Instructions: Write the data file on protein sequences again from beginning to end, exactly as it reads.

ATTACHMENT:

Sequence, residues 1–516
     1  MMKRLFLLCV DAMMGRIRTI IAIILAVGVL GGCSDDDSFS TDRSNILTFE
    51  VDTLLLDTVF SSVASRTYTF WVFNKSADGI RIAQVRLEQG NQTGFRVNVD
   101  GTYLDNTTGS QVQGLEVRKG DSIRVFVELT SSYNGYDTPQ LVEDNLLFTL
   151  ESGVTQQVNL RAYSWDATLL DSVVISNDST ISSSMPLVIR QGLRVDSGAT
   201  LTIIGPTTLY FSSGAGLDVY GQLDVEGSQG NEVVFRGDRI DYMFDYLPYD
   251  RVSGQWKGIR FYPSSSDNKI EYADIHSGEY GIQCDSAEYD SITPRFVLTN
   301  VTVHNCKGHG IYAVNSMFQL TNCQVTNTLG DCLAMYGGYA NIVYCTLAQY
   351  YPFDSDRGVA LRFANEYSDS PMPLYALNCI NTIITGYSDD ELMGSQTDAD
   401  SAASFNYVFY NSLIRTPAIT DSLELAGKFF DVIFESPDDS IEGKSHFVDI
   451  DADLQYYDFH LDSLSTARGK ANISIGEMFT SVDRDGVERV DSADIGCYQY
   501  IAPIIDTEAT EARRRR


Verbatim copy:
Sequence, residues 1–516
     1  MMKRLFLLCV DAMMGRIRTI IAIILAVGVL GGCSDDDSFS TDRSNILTFE
    51  VDTLLLDTVF SSVASRTYTF WVFNKSADGI RIAQVRLEQG NQTGFRVNVD
   101  GTYLDNTTGS QVQGLEVRKG DSIRVFVELT SSYNGYDTPQ LVEDNLLFTL
   151  ESGVTQQVNL RAYSWDATLL DSVVISNDST ISSSMPLVIR QGLRVDSGAT
   201  LTIIGPTTLY FSSGAGLDVY GQLDVEGSQG NEVVFRGDRI DYMFDYLPYD
   251  RVSGQWKGIR FYPSSSDNKI EYADIHSGEY GIQCDSAEYD SITPRFVLTN
   301  VTVHNCKGHG IYAVNSMFQL TNCQVTNTLG DCLAMYGGYA NIVYCTLAQY
   351  YPFDSDRGVA LRFANEYSDS PMPLYALNCI NTIITGYSDD ELMGSQTDAD
   401  SAASFNYVFY NSLIRTPAIT DSLELAGKFF DVIFESPDDS IEGKSHFVDI
   451  DADLQYYDFH LDSLSTARGK ANISIGEMFT SVDRDGVERV DSADIGCYQY
   501  IAPIIDTEAT EARRRR